The composer and pianist Dina Koston was one of the driving forces behind new music in Washington for decades, launching the Theater Chamber Players — the Kennedy Center’s first resident chamber ensemble — in 1968, and performing and promoting young composers widely before her death in 2009. That legacy is continuing with a new endowment at the Library of Congress called the Dina Koston and Roger Shapiro Fund for New Music, and on Wednesday the library opened a two-day tribute to Koston with a performance by the Cygnus Ensemble that featured her final work — paired with a short play by Samuel Beckett that inspired it — and a premiere of the endowment’s first commission.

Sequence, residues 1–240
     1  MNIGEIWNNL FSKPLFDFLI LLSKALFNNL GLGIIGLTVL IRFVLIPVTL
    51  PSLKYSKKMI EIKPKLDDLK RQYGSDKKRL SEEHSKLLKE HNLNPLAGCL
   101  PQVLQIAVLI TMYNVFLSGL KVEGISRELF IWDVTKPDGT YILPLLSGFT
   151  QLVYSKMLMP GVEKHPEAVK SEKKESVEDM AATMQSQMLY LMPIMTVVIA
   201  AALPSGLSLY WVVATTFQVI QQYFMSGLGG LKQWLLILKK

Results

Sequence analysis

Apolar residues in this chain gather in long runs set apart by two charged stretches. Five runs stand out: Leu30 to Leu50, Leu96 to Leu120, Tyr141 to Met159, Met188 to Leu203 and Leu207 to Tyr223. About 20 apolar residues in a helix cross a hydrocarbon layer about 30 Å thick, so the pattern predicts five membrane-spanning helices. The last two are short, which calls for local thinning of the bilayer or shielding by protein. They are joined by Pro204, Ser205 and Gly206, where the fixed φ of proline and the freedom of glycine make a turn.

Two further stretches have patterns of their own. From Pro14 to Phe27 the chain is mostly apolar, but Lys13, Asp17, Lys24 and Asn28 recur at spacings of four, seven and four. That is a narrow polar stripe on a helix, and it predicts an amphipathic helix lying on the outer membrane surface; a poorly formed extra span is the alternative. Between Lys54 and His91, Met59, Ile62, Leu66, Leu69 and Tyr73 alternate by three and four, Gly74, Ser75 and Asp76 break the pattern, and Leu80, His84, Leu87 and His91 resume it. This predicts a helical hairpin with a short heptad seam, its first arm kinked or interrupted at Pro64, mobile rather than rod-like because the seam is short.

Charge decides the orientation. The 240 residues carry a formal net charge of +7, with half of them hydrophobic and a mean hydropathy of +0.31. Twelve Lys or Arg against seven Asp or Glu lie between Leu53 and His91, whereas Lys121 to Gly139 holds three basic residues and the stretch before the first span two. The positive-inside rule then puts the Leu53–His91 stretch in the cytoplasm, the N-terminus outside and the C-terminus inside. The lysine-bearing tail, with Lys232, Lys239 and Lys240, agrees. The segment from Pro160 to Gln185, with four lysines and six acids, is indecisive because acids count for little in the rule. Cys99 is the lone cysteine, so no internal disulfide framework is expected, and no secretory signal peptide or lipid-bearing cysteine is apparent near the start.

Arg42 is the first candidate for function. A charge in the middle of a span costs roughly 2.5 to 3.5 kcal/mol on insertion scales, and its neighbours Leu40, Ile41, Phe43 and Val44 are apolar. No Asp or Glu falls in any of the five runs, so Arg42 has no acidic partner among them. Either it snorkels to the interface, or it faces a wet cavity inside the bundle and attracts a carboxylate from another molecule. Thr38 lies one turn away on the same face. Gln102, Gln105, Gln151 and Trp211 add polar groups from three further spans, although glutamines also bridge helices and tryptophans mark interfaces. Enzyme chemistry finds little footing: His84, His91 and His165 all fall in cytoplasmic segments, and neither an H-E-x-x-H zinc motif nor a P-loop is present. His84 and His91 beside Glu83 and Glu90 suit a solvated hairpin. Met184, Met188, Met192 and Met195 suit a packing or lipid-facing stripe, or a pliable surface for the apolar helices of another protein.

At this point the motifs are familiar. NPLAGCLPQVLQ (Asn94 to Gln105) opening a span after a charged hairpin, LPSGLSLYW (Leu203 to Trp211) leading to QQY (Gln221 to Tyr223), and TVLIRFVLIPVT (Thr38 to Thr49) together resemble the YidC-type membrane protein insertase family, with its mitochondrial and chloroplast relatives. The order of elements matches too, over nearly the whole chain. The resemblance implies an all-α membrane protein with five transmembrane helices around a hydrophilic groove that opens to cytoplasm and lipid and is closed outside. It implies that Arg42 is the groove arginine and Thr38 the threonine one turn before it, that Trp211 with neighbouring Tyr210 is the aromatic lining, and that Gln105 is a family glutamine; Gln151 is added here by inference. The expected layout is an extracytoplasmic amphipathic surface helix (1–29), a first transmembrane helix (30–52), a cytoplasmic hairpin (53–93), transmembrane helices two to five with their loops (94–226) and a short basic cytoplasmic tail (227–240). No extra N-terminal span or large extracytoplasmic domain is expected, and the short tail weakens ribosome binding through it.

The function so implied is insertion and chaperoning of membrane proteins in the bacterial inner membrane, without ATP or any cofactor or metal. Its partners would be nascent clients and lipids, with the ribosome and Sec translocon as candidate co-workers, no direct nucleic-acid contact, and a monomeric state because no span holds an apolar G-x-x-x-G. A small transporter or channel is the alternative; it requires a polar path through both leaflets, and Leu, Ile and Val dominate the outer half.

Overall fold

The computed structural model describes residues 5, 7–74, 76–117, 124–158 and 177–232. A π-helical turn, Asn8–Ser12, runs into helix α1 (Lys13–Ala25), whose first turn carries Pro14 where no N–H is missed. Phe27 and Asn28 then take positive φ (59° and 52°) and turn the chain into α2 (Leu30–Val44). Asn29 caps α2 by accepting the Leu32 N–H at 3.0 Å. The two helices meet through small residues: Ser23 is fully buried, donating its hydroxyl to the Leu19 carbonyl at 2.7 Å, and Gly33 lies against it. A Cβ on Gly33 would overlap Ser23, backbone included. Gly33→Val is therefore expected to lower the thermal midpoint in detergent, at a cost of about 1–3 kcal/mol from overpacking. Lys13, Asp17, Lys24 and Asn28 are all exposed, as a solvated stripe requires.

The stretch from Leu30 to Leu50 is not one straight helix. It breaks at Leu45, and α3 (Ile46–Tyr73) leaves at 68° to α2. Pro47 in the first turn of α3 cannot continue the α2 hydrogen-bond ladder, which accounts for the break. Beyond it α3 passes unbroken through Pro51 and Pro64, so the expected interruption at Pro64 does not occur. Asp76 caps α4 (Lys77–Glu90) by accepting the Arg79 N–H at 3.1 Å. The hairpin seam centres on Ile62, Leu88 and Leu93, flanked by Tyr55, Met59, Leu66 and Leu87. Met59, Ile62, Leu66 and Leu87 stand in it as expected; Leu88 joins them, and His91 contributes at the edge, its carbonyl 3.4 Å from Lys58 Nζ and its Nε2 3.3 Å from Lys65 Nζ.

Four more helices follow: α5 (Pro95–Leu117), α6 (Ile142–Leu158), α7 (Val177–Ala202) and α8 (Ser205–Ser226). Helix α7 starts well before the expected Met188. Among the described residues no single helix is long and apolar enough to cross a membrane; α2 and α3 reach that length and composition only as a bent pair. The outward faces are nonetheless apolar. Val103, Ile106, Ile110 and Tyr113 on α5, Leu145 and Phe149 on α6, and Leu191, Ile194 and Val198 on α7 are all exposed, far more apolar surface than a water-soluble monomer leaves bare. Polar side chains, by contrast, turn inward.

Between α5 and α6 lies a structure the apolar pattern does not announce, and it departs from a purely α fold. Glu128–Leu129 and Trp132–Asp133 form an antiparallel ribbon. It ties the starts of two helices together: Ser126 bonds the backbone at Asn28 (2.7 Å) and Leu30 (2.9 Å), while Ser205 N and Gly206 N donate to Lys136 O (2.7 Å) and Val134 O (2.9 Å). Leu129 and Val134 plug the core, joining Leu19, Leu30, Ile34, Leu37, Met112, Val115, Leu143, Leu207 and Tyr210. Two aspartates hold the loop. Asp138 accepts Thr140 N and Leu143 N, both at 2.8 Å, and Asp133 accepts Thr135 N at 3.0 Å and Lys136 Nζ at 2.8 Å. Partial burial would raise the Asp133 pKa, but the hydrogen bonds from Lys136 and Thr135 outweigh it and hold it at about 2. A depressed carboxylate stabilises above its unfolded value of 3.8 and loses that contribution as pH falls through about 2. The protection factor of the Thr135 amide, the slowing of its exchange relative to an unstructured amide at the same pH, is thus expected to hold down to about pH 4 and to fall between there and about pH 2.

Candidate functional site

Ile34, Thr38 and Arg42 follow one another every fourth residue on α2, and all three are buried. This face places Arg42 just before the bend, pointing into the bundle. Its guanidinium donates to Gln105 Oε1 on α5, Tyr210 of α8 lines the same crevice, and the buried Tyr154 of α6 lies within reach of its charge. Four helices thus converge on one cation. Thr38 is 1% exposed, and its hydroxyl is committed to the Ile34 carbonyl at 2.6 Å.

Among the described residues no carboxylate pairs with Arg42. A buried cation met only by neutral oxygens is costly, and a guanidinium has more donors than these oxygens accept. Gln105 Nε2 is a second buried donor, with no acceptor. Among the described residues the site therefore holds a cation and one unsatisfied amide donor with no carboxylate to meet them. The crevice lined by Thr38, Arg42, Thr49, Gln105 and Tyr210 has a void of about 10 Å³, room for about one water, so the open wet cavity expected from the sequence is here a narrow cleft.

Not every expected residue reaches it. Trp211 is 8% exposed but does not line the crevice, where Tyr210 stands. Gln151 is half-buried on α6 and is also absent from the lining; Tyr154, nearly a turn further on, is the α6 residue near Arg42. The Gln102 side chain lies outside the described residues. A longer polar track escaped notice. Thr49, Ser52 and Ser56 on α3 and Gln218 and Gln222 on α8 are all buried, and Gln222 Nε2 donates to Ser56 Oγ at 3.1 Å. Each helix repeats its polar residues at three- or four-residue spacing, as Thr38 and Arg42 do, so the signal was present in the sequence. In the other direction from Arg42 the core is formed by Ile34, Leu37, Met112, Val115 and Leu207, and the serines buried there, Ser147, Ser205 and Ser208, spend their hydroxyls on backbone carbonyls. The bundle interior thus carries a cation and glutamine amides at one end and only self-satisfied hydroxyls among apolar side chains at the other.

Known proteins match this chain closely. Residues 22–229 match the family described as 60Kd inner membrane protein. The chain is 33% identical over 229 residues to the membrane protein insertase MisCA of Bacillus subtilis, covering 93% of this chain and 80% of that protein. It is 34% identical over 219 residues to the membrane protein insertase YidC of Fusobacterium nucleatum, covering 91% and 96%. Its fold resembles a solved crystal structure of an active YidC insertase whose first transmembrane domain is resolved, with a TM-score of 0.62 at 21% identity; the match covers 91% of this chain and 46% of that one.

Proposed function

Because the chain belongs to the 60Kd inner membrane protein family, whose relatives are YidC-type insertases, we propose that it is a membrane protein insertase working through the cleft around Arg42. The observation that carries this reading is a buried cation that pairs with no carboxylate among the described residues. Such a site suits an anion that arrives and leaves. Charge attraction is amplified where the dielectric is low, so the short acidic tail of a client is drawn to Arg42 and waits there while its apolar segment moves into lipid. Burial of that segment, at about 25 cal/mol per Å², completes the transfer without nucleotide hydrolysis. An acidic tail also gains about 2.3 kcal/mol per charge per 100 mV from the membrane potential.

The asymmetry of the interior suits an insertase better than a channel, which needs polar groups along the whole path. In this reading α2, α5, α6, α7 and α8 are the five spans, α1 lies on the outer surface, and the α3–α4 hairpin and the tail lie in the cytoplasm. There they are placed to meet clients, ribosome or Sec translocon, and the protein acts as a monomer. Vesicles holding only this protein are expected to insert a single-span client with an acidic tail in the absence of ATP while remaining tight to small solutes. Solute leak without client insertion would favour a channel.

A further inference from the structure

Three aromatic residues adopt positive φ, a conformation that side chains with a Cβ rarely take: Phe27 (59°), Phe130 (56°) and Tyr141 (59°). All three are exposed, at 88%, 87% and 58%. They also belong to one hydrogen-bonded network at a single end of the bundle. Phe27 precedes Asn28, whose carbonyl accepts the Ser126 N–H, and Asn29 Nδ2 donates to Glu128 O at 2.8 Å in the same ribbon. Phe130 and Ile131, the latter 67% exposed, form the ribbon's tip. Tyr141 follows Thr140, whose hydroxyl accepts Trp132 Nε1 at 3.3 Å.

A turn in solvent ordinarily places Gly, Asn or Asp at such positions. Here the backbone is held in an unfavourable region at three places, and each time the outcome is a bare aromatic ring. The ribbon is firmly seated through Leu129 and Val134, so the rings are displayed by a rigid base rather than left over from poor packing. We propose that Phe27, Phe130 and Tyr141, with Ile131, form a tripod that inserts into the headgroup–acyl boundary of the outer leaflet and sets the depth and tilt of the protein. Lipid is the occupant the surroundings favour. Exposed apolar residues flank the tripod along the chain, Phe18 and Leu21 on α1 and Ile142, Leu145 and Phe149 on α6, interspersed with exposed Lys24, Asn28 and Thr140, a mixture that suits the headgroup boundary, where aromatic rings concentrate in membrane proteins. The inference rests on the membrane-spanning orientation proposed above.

“Ohio Impromptu” is quintessential Beckett: minimal and elementally powerful. A haunting meditation on loss, memory and regret, it received a finely shaded performance by Ted van Griethuysen and Steve Nixon. Koston’s “Distant Intervals” for chamber ensemble, which immediately followed, was inspired by the play, but you needed to scrunch your ears up a bit to hear the connection. In contrast with the monochromatic tone and spare, coiled drama of the Beckett play, Koston’s piece was colorful and discursive, a kaleidoscope of ideas posed and questioned, of wistful fragments that rose and subsided and rose again, always changing.